Due to its privileged natural conditions, Chile has committed to sustainability in many different aspects such as tourism, transport, and academic offer.
Due to Chile’s geographic diversity, the country has a broad range of climatic and natural conditions, which are used to produce renewable energy, with an emphasis on the conservation of biodiversity. In this way, Chile has slowly become a model to follow in terms of sustainable practices.
Read on to find out more about Chile’s initiatives for sustainability and the academic opportunities in this area.
After the inauguration of the Tourism National Round Table in 2013, the National Service for Tourism of Chile (SERNATUR) created the S certification. This distinction is awarded to tourism operators that comply with different criteria in the three universally acknowledged areas of sustainability: economic, cultural and environmental. Today, more than 70 operators have received this certification.
Furthermore, four places in Chile made it to the Top 100 most recent list of sustainable destinations worldwide; the Huilo Huilo Reserve, the Chiloé Island, the town of Curacaví, and Cape Horn. Cape Horn has a miniature forest of around 1000 acres, where unique species of bryophytes can be found along with 450 different types of moss, and 368 species of lichen and insects.
Santiago’s subway (Metro), the second biggest network in Latin America, will be the world’s first public transit system mostly powered by solar energy, thanks to project “Pelícano”, a solar energy plant of 186 acres located in Coquimbo, in northern Chile. The plant uses 254,000 solar panels that will provide the energy for the transport system.
It is expected that by 2018 the network will work using 80% of solar energy. This follows the efforts to reduce the country’s carbon footprint by 30% by 2030.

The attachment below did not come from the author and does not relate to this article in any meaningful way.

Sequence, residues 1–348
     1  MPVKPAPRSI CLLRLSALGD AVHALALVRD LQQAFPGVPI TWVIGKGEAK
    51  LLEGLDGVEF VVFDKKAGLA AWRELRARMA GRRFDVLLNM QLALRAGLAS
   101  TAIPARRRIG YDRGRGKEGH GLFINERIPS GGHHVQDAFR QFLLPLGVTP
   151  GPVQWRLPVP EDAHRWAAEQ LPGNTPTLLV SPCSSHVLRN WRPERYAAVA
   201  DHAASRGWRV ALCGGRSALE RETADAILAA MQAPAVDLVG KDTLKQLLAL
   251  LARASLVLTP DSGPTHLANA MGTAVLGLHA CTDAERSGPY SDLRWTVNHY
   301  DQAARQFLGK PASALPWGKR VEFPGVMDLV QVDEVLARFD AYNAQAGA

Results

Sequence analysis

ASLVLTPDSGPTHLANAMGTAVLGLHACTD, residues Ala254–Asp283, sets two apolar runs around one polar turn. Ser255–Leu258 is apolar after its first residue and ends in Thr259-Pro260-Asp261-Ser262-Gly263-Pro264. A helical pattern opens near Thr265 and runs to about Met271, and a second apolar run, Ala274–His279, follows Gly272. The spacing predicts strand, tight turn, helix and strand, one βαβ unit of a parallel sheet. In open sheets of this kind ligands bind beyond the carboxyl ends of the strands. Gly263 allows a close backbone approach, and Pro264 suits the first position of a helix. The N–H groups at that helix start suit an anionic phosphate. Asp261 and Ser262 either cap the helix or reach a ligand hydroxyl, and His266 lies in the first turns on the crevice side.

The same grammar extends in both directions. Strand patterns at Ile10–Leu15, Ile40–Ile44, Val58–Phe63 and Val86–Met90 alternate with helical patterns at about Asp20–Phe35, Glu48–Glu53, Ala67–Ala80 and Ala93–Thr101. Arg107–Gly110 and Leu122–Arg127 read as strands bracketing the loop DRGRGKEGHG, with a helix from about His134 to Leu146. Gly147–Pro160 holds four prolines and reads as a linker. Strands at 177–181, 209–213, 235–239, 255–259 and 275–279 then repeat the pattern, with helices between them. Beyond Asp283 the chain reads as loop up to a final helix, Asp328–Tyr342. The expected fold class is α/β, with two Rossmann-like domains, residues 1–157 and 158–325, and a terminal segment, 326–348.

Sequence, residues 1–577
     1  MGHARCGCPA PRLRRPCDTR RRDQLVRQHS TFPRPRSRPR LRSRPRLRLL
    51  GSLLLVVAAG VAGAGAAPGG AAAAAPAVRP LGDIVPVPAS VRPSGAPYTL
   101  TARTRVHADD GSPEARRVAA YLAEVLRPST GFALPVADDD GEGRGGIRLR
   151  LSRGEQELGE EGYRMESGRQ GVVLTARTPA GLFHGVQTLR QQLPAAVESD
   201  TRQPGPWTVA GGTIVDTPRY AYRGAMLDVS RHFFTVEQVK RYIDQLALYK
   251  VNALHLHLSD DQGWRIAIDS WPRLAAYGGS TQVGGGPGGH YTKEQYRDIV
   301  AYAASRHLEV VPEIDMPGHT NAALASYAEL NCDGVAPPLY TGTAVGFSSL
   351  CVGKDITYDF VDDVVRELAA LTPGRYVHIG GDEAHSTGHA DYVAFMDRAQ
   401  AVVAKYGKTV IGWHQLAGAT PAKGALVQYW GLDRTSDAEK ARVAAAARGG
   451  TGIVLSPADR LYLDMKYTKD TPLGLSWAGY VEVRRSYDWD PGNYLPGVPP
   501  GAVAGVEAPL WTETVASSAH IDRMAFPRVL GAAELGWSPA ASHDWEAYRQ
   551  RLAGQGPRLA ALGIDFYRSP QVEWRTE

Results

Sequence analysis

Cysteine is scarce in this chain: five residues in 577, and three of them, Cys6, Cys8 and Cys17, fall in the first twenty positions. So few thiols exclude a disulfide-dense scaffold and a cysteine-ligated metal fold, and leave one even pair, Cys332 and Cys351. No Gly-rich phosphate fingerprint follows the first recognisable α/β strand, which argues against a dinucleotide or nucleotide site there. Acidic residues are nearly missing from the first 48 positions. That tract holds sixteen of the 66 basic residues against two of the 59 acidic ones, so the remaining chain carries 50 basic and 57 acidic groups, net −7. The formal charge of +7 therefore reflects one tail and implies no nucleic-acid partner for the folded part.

Sustainability and the protection of the environment are issues that a broad range of programs in different universities in Chile have addressed. Universidad del Bío Bío, for example, offers a blended learning Master’s program in Sustainability and Energy Efficiency. In Santiago, Universidad Tecnológica Metropolitana (UTEM) offers a similar Master’s program in Energy Efficiency and Sustainability with specialization in Edification, while Universidad Santo Tomás offers a PhD program in Conservation and Biodiversity Management.
Besides these degree programs, different institutions are offering short-term courses that relate to sustainability. An example of this is the Universidad Andrés Bello’s intensive two-week programs covering topics like “Modular Sustainable Architecture” and “Business and Sustainability in Latin America”. In a similar vein, Universidad de Viña del Mar offers a three- week course on “Chilean Environmental Conflicts”.
Chile has taken important steps in the implementation of sustainable solutions with the aim of protecting the environment, and complying with the highest international standards. Additionally, the country offers a broad range of academic programs related to these issues.
Learn Chile: a consortium of 21 Chilean higher education institutions that work together, with support from Chilean government to enhance the promotion of Chile as a destination for international students who choose our country to live the experience of studying abroad. LearnChile.cl